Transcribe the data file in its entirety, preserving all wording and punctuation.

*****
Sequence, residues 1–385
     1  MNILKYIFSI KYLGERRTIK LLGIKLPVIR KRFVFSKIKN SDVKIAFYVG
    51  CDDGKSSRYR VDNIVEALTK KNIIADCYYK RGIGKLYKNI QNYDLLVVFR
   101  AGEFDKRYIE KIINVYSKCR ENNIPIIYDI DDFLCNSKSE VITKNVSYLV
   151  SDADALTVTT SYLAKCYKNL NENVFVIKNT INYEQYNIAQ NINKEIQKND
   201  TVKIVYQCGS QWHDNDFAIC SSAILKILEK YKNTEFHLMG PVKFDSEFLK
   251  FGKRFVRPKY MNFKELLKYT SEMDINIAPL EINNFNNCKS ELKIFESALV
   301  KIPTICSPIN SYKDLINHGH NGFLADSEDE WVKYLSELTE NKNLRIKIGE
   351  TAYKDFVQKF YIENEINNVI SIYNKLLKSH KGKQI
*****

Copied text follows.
Sequence, residues 1–385
     1  MNILKYIFSI KYLGERRTIK LLGIKLPVIR KRFVFSKIKN SDVKIAFYVG
    51  CDDGKSSRYR VDNIVEALTK KNIIADCYYK RGIGKLYKNI QNYDLLVVFR
   101  AGEFDKRYIE KIINVYSKCR ENNIPIIYDI DDFLCNSKSE VITKNVSYLV
   151  SDADALTVTT SYLAKCYKNL NENVFVIKNT INYEQYNIAQ NINKEIQKND
   201  TVKIVYQCGS QWHDNDFAIC SSAILKILEK YKNTEFHLMG PVKFDSEFLK
   251  FGKRFVRPKY MNFKELLKYT SEMDINIAPL EINNFNNCKS ELKIFESALV
   301  KIPTICSPIN SYKDLINHGH NGFLADSEDE WVKYLSELTE NKNLRIKIGE
   351  TAYKDFVQKF YIENEINNVI SIYNKLLKSH KGKQI